The metaphor of life as journey is common. When we talk about ‘two paths’ that ‘diverged in a wood’ we know that Frost was talking about the life journey and only incidentally narrating a stroll through the woods.
I have been reflecting on that journey for the last day. And I find myself wondering about the metaphor. I find the metaphor troubling. Troubling because it is too comforting. Life as journey wraps the experience of living in an unsatisfactory cocoon of certainty.
When we think of journeys nowadays, we experience them as they exist now, transformed by the certainties of the modern age. We have certain starting points, fixed end points, mapped roads and ready built airports. We have real-time communications with our destinations. A modern day journey is as adventurous (in the first world) as slicing bread. As a result, they are on average as uniquely unchallenging as journeys have ever been in the history of human travel.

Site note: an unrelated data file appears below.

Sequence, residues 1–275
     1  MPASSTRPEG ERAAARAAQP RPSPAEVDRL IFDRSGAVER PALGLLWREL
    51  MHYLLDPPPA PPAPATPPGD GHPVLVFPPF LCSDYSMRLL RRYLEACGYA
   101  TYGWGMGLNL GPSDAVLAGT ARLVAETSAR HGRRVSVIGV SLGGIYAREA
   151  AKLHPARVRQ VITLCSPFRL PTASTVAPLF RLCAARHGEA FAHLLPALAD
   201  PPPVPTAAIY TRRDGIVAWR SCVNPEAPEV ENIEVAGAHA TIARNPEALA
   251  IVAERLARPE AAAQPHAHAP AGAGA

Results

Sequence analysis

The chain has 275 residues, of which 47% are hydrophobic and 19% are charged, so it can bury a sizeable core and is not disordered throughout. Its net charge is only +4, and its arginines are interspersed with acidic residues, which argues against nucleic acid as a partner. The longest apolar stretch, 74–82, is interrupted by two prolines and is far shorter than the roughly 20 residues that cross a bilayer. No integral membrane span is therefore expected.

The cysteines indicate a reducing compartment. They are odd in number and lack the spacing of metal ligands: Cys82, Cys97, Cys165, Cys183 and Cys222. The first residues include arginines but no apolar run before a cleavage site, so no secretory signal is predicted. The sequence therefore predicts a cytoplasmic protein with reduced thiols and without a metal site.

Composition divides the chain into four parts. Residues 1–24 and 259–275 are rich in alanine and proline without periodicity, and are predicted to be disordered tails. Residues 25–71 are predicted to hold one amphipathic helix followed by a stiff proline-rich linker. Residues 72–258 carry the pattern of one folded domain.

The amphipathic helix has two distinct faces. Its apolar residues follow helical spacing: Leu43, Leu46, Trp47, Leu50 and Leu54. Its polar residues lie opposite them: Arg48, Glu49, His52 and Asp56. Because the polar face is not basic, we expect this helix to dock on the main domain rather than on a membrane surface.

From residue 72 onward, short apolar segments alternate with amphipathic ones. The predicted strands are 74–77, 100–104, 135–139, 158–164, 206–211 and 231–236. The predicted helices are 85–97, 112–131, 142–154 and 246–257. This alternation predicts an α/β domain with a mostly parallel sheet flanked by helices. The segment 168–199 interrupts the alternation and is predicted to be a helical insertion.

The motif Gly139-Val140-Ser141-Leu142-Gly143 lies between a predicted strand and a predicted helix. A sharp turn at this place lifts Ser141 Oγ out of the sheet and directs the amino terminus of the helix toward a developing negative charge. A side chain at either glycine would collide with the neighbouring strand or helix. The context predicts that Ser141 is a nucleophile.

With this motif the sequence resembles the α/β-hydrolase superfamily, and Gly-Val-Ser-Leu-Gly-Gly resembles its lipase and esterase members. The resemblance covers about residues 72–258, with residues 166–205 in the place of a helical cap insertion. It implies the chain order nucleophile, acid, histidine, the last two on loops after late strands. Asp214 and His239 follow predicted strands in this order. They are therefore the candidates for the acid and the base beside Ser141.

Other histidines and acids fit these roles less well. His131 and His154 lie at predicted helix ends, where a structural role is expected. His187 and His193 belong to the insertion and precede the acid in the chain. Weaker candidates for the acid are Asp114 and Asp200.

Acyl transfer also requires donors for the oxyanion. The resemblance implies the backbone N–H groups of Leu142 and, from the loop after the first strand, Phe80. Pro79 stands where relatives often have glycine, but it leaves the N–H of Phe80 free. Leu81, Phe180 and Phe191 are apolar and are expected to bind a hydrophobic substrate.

We have banished the uncertainties that made a journey akin to life. We have not (alas) banished the uncertainties of life.
If life is a journey, then that journey must now be understood by parable. Travel has always historically been capricious and changeable. The closest parable to that journey that I can find is the Israelites wondering through the desert for forty years in search of the promised land.
A journey where you are alienated from everything left behind, the present is the hostile ever present risks of being stuck in a desert, have only the vaguest idea of where you are going, are seduced into worshipping false gods and where death heralds the entry into the promised land is a profoundly honest reflection of the true nature of life’s journey.